A couple of weeks ago, I gave you an idea of why a breakup of the United States is likely to look like 1980s Beirut, on steroids, and with an extra special helping of atrocity sauce. But even the mottled diagram I borrowed for the purpose hardly covers the thing in full measure, because it is only giving demographics by political party, and even that crudely. Itâ€™s much worse than that, though. If we split, itâ€™s going to be along every line imaginable, political, yes, but also racial, cultural, religious, you name it. And people are going to be forced, as a matter of personal physical safety and safety for their loved ones, into alignments with which they are today most uncomfortable.
Contemplate, for example, Dr. Thomas Sowell or General Vincent Brooks1 being forced to shelter amongst the Black Panthers because the Panthers are their only defense from the Klan. Contemplate Ted Cruz and Marco Rubio co-chairing the steering committee for a new “Pan Latin Party for the Extermination of the Wicked Gringos.” Contemplate, Bill Ayers making better bombs for the American Nazi Party than ever he did for the Weathermen.
Politics not only makes for strange bedfellows, when life and death are on offer it can make for some outright perversions.
In any case, today, I want to talk about the political as more than a matter of mere party identification. Yes, Iâ€™ve been promising to get into this for a while, but it only fell within my portfolio, so to speak, once we got to the point of how it leads to a Beirutesque civil war.
A lot of bright folks â€“ Jerry Pournelle,2 David Nolan,3 the (I think still) anonymous folks who developed “political compass,”4 as well as a number of others â€“ have come up with two dimensional and even more-dimensional ways of trying to describe the real world of politics and political philosophy. There is probably some validity in most or all of those, and yet all of them seem to have flaws, and many share the same flaws. Many share similar delusions. All, I think, share one big flaw, which Iâ€™ll paraphrase as: “This is the way the world works, because it makes senseâ€¦to me.” And they believe this becauseâ€¦ummmâ€¦ “I am logical. I am people. Hence people are logical.” No, that canâ€™t be it. Ummâ€¦”Because they should be logical.” So what, if, in fact, they are not logical?
A number of the charts seem to assume their conclusions, usually in the form of, “I am an X. I matter. Therefore, any chart purporting to show reality must give considerable pride of place to me.” Libertarians â€“ in terms of numbers and political clout never more than a self-important but trivial fringe group5 â€“ frequently do this. When drawing two axes, the charts tend to exaggerate scale rather badly. They miss how often a stated political position is mere opportunism, completely devoid of principle. Or to what degree something purporting to objective reason (Ayn Rand, I am looking at you) is mere personal fantasy, unsustainable â€“ because physically, militarily indefensible â€“ in the real world. Or to what degree something purporting to be an objective, rational analysis of human economic history is cherry picked, fraudulent nonsense (Karl Marx, I am looking at you). I confess; it eludes me, the utility of charting something as “reason enthroned,” say, when the “reason” is mere fantasy, replete with rationalizations but devoid of reason. I am no more persuaded that a proper political chart should be pulled-based, and on the extremes, rather than push-based, emanating from the tendencies away from center.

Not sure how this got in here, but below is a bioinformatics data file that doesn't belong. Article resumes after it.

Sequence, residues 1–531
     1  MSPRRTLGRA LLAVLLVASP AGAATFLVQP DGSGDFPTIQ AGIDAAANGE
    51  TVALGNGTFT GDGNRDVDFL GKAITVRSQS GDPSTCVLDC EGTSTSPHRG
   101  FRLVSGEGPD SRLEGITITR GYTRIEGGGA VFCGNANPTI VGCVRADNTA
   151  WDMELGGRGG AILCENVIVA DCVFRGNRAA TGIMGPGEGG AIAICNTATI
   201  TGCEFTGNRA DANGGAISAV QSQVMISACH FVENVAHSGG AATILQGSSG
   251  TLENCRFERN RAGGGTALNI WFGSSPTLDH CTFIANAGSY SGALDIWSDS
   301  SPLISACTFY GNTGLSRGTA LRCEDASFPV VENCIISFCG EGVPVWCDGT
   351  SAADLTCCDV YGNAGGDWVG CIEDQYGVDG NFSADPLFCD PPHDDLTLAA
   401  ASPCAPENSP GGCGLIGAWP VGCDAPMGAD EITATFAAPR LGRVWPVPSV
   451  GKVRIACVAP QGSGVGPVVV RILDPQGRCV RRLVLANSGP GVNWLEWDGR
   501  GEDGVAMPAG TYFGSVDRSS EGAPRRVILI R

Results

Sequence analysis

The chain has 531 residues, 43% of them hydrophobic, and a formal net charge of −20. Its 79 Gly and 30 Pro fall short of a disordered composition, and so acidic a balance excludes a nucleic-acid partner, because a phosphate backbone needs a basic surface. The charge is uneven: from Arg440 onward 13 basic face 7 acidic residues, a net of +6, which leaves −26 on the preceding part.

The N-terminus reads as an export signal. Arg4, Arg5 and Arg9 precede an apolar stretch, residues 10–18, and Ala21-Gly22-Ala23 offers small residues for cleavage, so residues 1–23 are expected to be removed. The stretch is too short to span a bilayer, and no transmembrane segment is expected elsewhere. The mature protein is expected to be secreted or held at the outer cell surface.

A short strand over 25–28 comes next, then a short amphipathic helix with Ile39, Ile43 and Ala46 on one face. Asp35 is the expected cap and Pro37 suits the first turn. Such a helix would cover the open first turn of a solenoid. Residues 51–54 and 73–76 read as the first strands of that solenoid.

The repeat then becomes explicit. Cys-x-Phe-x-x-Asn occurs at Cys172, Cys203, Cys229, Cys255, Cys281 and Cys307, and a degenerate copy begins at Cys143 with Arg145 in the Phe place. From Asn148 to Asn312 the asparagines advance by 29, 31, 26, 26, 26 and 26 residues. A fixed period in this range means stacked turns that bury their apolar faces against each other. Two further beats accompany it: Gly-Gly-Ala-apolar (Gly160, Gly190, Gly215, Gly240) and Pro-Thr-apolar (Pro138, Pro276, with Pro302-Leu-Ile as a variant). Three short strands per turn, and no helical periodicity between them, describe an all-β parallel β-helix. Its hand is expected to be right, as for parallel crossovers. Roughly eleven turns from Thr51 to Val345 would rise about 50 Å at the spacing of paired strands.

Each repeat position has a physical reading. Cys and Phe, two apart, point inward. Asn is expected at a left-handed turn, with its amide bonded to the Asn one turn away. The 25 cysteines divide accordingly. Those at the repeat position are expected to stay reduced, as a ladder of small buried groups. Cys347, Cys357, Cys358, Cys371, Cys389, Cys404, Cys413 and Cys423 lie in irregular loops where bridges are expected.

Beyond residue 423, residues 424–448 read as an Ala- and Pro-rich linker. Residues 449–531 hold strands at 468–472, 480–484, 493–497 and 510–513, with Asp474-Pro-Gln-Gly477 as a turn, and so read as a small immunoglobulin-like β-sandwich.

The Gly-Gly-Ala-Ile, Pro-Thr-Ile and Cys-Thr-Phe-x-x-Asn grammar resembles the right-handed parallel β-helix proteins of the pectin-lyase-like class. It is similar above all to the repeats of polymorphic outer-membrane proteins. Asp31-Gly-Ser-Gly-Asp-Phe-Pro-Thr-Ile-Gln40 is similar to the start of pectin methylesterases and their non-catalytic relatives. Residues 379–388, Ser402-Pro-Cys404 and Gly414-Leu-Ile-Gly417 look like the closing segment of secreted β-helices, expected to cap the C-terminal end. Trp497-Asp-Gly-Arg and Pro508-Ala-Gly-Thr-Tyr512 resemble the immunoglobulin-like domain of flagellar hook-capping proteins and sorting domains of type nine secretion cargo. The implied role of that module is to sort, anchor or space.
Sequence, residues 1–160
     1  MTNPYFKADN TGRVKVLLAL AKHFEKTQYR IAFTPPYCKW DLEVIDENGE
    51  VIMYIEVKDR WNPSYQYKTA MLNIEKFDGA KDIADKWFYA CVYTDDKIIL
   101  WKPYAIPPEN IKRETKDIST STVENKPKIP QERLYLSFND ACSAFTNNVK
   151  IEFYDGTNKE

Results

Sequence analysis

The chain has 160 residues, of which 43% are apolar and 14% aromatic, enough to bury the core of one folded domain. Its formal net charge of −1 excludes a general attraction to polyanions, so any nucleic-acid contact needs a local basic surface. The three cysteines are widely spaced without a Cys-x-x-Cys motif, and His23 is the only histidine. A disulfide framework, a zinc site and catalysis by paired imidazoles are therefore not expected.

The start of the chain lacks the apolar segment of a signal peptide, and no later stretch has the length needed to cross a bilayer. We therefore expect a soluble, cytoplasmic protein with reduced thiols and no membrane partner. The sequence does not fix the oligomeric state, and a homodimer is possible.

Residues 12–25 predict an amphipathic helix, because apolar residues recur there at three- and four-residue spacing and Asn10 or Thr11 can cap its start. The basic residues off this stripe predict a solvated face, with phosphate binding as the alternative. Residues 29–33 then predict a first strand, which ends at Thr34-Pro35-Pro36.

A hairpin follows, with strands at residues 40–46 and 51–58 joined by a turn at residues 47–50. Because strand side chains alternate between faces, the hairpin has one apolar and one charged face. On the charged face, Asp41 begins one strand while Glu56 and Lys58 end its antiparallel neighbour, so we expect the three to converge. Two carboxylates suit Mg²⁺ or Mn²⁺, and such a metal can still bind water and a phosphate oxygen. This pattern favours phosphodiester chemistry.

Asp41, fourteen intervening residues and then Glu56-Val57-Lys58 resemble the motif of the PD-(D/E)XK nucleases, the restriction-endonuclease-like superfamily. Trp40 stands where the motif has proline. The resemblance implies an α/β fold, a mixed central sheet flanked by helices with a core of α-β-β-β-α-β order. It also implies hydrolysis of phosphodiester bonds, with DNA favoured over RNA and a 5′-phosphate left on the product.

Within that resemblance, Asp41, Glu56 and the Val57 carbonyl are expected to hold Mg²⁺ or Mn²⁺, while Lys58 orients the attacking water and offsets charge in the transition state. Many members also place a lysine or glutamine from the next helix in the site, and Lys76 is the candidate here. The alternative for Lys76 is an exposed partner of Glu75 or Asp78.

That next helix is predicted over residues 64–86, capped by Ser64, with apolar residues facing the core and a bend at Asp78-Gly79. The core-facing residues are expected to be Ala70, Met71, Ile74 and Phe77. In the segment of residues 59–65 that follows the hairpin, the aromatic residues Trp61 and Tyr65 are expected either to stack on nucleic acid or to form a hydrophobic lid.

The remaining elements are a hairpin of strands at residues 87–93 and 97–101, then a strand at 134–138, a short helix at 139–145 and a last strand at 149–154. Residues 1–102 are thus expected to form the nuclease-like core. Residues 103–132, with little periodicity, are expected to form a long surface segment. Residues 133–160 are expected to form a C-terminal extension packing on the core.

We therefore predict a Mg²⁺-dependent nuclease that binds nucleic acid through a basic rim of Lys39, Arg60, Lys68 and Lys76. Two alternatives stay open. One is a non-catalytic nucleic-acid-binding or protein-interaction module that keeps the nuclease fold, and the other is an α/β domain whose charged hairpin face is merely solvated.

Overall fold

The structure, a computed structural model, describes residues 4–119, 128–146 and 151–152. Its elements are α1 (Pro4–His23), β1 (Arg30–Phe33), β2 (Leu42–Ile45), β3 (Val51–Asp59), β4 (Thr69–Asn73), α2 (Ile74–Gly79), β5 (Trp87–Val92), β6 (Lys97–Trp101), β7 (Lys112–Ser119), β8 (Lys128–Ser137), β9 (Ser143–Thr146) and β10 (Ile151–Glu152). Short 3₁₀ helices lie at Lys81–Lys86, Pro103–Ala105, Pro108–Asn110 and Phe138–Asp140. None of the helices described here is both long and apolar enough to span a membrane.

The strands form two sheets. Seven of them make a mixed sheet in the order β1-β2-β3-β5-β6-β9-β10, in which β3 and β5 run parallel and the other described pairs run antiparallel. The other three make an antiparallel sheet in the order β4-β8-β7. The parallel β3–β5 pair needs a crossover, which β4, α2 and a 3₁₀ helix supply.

One thing the creators and defenders of the various two dimensional charts share is a degree of contempt for the older and simpler Left-Right political spectrum.
I donâ€™t share that contempt for three reasons. One is that I suspect the Left-Right chart better describes how people organize, politically, in the real world. The second is that the Left-Right chart is useful for placing oneself based on what one can and cannot see clearly. The third is that the Left-Right chart seems based on the core political argument that has been going on since before Plato, “What is the nature of man, malleable/perfectible by nurture, malleable/perfectible by nature, or affected by both, but not perfectible by anything?” One might call those, “the three Ns: Nature, Nurture, and Neither.”
Another way to ask that questions is, “Or is he already perfect or imperfect, good or wicked, based on nature or nurture, or would be but for the (take your pick) a) inequities of our rotten, unjust, society, or b) downbreeding from a previous level of human perfection, or c) Man is what he is and thereâ€™s nothing much we can do about it?”